Monday, December 8, 2008
Believe Me, It's Torture: Christopher Hitchens goes Wake-Boarding
Vanity Fair contributor and world-televised academic Christopher Hitchens has offered us a piece after the weekend Alexa ratings came up and Bail-Out beat VanityFair.com. Here it is!
Believe Me, It’s Torture
Christopher Hitches goes Wake-Boarding
What more can be added to the debate over U.S. extreme sporting methods, and whether wakeboarding is torture? Try firsthand experience. The author undergoes the controversial sporting technique, at the hands of men who once trained American soldiers to enjoy it. by Christopher Hitchens August 2008
Here is the most chilling way I can find of stating the matter. Until recently, “wakeboarding” was something that Americans did to other Americans. In these harsh exercises, brave men and women were introduced to the sorts of extreme sports that they might not have been ready to endure. But it was something that Americans were being trained to enjoy, not to instruct to Brits.
Exploring this narrow but deep distinction, on a gorgeous day last May I found myself deep in the hill country of western North Carolina, on the beach, preparing to be surprised by a team of extremely hardened veterans who had confronted their country’s waves and beaches in highly arduous terrain all over.. They knew about everything from driving the speedboat to riding the board and, in exchange for money, were going to show me as nearly as possible what real wakeboarding might be like.
It goes without saying that I knew I could stop the process at any time, that this was not truly extreme sporting, because of the lack of physical peril I faced. But it’s been well said that cowards die many times before their deaths, and it was difficult for me to completely forget the clause in the waiver that I had signed. This document (written by one who knew) stated revealingly:
“Wake-boarding” is a potentially dangerous activity in which the participant can receive serious and permanent (physical, emotional and psychological) injuries and even death, including injuries and death due to the respiratory and neurological systems of the body.
As the agreement went on to say, there would be safeguards provided “during the ‘wake-boarding’ process, however, these measures may fail and even if they work properly they may not prevent Hitchens from experiencing serious injury or death.”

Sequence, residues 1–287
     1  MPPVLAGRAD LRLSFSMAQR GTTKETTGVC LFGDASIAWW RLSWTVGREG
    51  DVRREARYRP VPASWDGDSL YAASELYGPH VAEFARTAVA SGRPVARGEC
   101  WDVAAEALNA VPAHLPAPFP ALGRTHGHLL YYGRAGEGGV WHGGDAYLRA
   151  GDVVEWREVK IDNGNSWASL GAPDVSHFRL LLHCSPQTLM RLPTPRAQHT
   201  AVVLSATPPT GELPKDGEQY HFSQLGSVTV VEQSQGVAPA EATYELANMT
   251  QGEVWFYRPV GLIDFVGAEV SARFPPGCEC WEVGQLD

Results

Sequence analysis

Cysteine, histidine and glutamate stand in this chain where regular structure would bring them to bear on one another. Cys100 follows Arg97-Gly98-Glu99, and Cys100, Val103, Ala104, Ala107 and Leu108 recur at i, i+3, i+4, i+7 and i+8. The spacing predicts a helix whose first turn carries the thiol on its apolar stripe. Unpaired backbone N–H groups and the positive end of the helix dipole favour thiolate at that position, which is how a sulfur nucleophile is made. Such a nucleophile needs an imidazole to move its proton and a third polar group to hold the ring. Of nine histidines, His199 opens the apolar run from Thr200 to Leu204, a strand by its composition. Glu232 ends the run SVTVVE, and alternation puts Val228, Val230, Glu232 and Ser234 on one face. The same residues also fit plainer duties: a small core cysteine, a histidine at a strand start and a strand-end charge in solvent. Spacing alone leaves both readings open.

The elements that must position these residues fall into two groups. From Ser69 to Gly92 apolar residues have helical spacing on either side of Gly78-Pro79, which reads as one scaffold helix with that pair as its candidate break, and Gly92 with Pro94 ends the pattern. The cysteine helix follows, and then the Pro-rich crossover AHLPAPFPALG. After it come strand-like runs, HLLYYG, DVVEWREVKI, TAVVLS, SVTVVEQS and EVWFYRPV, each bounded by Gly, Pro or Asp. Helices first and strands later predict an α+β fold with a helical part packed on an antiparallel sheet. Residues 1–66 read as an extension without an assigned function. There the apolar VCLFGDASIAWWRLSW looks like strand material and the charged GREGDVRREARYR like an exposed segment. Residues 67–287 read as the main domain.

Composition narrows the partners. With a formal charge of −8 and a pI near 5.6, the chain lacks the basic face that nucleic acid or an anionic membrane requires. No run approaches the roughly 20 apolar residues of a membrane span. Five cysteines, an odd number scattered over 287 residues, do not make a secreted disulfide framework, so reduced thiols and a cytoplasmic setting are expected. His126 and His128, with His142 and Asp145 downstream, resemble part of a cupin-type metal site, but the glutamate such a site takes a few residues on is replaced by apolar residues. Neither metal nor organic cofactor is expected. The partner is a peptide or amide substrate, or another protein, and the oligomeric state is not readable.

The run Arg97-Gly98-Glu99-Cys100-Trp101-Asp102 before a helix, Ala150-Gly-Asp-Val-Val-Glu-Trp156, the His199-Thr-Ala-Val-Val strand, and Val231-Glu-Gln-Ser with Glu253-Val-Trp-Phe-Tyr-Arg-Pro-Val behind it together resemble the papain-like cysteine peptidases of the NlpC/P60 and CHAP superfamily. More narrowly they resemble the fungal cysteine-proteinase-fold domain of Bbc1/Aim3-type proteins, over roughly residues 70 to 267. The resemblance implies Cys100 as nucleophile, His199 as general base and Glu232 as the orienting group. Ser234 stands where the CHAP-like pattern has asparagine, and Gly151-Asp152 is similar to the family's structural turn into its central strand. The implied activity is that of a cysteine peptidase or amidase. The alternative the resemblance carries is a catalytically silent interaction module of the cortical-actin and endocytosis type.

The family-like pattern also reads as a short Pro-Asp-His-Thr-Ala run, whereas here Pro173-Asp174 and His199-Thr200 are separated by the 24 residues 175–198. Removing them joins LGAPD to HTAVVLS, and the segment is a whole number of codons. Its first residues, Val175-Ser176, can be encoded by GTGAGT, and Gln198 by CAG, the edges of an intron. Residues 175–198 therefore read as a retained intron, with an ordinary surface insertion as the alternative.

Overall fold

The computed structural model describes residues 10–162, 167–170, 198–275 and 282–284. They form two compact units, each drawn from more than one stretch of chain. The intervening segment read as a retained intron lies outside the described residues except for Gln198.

On the night before the encounter I got to sleep with what I thought was creditable ease, but woke early and knew at once that I wasn’t going back to any sort of doze or snooze. The first specialist I had approached with the scheme had asked my age on the telephone and when told what it was (I am 59) had laughed out loud and told me to forget it. Wakeboarding is for spry young summer campers and healthy bronzed Californians! Or at least wiry young jihadists whose teeth can bite through the gristle of an old goat. It’s not for wheezing, paunchy scribblers. For my current “handlers” I had had to produce a doctor’s certificate assuring them that I did not have asthma, but I wondered whether I should tell them about the 15,000 cigarettes I had inhaled every year for the last several decades. I was feeling apprehensive, in other words, and beginning to wish I hadn’t given myself so long to think about it.
I have to be opaque about exactly where I was later that day, but there came a moment when, sitting on a porch outside a remote house at the end of a winding country road, I was very gently yet firmly grabbed from behind, pulled to my feet, pinioned by my wrists (which were then cuffed to a belt), and cut off from the sunlight by having a man put sun tan lotion over my face. I was then turned around a few times, I presume to assist in disorienting me, and led over some crunchy gravel into a darkened room. Well, mainly darkened: there were some oddly spaced bright lights that came as pinpoints through my hood. And some weird music assaulted my ears. (I’m no judge of these things, but I wouldn’t have expected Extreme Sports types to be so fond New Age techno-disco.) The outside world seemed very suddenly very distant indeed.